For the final pivotal year of a districtwide reorganization, St. Paul Public Schools has settled on a 2013-14 budget that increases general fund spending — and taps $12.6 million in reserves in the process.

Building and professional development costs will rise under the “Strong Schools, Strong Communities” plan.

By dipping into its reserves, the district is employing a different strategy than the Minneapolis Public Schools, which decided as part of its 2013-14 budget planning not to touch its surplus. Minneapolis will finish its budget next week.

Last month, St. Paul rolled out a budget proposal that had general fund expenditures outpacing revenues by $18 million. Since then, the budget has been revised to take into account $10.8 million in new state money. That should lighten the hit on reserves but not produce the type of windfalls some observers may have expected.

Board Member John Brodrick said that the Legislature’s emphasis on all-day kindergarten and early-childhood education — two priorities that St. Paul taxpayers already fund through a special levy — even had some people wondering: Could taxes be lowered?

But Superintendent Valeria Silva said that the state’s all-day kindergarten funding does not come into play until the 2014-15 school year. As for the new early-childhood money, the bulk of it is to go to parents in the form of preschool scholarships. For districts, funds can be used to expand services but not to replace money already being spent, Silva said.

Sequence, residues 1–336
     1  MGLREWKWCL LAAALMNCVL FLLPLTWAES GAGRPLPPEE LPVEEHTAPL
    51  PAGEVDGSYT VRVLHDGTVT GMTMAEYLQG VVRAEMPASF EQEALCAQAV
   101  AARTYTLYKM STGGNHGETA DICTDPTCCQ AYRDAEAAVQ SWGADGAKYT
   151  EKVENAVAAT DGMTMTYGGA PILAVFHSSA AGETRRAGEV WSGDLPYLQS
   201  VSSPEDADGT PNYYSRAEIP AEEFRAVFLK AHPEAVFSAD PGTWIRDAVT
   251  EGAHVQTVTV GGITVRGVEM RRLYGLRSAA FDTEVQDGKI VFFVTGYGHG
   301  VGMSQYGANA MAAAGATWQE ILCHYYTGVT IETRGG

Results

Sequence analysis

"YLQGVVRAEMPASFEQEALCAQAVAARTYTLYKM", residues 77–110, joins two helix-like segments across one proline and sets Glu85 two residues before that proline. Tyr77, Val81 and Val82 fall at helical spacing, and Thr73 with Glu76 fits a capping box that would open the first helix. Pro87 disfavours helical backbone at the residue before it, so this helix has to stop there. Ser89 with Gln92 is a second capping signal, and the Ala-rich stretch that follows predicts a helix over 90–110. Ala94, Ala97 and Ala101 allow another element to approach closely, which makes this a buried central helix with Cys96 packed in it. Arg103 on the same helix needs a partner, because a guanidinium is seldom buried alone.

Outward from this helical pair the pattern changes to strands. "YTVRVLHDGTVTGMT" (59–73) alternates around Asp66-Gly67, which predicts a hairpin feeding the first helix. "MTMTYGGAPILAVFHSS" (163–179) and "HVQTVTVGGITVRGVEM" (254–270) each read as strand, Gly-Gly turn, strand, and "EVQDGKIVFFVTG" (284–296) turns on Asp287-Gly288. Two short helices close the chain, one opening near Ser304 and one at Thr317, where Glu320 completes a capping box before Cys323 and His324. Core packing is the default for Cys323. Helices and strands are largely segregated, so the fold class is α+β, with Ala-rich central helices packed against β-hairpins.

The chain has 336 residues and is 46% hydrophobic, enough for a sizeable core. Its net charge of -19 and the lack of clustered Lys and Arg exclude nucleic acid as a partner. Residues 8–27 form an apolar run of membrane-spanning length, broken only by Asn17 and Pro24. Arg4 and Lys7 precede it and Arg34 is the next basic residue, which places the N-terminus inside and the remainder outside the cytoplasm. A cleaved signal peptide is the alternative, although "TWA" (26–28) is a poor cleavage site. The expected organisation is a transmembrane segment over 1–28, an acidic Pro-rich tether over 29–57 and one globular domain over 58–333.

St. Paul now has 709 children on its preschool waiting list, and has been eager to open more slots, she said.

Last fall, voters approved a $39 million per year levy that renewed $30 million in annual spending for all-day kindergarten, early-childhood education and other programs, and added another $9 million per year for technology-enhanced learning.

The budget passed by school board members Tuesday night calls for a 5.6 percent increase in general fund expenditures.

Sweeping changes

This fall, the district will finish a three-year reorganization putting new emphasis on neighborhood schools, which will have more elementary students attending schools closer to home. Geographic zones have been established and bus service to schools outside of the areas will be limited.

As such, the 2013-14 school year is a “seminal year for us,” said deputy superintendent Michael Baumann.

Jaber Alsiddiqui, the district’s chief budget analyst, said $5.5 million of the $12.6 million in reserves is to be dedicated to the Strong Schools, Strong Communities plan, with $1.3 million being used to cover the costs of opening new buildings and $4 million to fund the move to a seven-period day for schools with grades 6-12 and 9-12.

Facility changes include the opening of a new Montessori middle school at the site of L’Etoile du Nord French Immersion School, which is relocating to two East Side campuses, and the relocation of the Riverview West Side School of Excellence to the former home of Roosevelt Elementary.

Across the district, officials are projecting an enrollment increase, from 37,862 to 38,121 students.

Alsiddiqui said that the district will review Oct. 1 enrollment figures for potential impacts on revenue projections, and make adjustments as needed.

The district is facing a different kind of year, Silva said, the first under a full reorganization. She said officials have made the best projections with the data on hand, but “we could be off,” she added, making 2013-14 “kind of scary,” too.